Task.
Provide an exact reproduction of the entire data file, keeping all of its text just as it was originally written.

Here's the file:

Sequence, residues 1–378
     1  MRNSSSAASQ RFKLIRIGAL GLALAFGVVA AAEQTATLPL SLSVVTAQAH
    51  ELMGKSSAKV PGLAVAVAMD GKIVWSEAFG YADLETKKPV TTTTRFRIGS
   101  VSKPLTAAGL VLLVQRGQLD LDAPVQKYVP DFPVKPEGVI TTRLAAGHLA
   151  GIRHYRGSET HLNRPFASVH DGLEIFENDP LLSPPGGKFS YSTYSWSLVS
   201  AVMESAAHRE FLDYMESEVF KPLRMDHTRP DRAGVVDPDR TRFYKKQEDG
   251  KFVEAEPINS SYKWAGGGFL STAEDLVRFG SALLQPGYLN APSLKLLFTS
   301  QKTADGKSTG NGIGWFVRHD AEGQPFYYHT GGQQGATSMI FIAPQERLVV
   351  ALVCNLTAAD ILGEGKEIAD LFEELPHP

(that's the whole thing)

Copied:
Sequence, residues 1–378
     1  MRNSSSAASQ RFKLIRIGAL GLALAFGVVA AAEQTATLPL SLSVVTAQAH
    51  ELMGKSSAKV PGLAVAVAMD GKIVWSEAFG YADLETKKPV TTTTRFRIGS
   101  VSKPLTAAGL VLLVQRGQLD LDAPVQKYVP DFPVKPEGVI TTRLAAGHLA
   151  GIRHYRGSET HLNRPFASVH DGLEIFENDP LLSPPGGKFS YSTYSWSLVS
   201  AVMESAAHRE FLDYMESEVF KPLRMDHTRP DRAGVVDPDR TRFYKKQEDG
   251  KFVEAEPINS SYKWAGGGFL STAEDLVRFG SALLQPGYLN APSLKLLFTS
   301  QKTADGKSTG NGIGWFVRHD AEGQPFYYHT GGQQGATSMI FIAPQERLVV
   351  ALVCNLTAAD ILGEGKEIAD LFEELPHP